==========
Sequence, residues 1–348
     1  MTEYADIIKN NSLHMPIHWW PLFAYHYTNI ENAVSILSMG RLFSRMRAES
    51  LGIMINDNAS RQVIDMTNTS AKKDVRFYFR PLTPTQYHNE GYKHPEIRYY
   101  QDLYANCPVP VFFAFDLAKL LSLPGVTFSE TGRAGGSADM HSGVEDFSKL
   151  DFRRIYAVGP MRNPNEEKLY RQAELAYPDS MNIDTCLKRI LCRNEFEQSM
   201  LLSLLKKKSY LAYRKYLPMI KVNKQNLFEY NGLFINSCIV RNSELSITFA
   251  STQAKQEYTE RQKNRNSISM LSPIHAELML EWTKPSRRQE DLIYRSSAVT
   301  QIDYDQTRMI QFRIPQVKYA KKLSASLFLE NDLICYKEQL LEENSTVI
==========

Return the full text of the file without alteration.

Sequence, residues 1–348
     1  MTEYADIIKN NSLHMPIHWW PLFAYHYTNI ENAVSILSMG RLFSRMRAES
    51  LGIMINDNAS RQVIDMTNTS AKKDVRFYFR PLTPTQYHNE GYKHPEIRYY
   101  QDLYANCPVP VFFAFDLAKL LSLPGVTFSE TGRAGGSADM HSGVEDFSKL
   151  DFRRIYAVGP MRNPNEEKLY RQAELAYPDS MNIDTCLKRI LCRNEFEQSM
   201  LLSLLKKKSY LAYRKYLPMI KVNKQNLFEY NGLFINSCIV RNSELSITFA
   251  STQAKQEYTE RQKNRNSISM LSPIHAELML EWTKPSRRQE DLIYRSSAVT
   301  QIDYDQTRMI QFRIPQVKYA KKLSASLFLE NDLICYKEQL LEENSTVI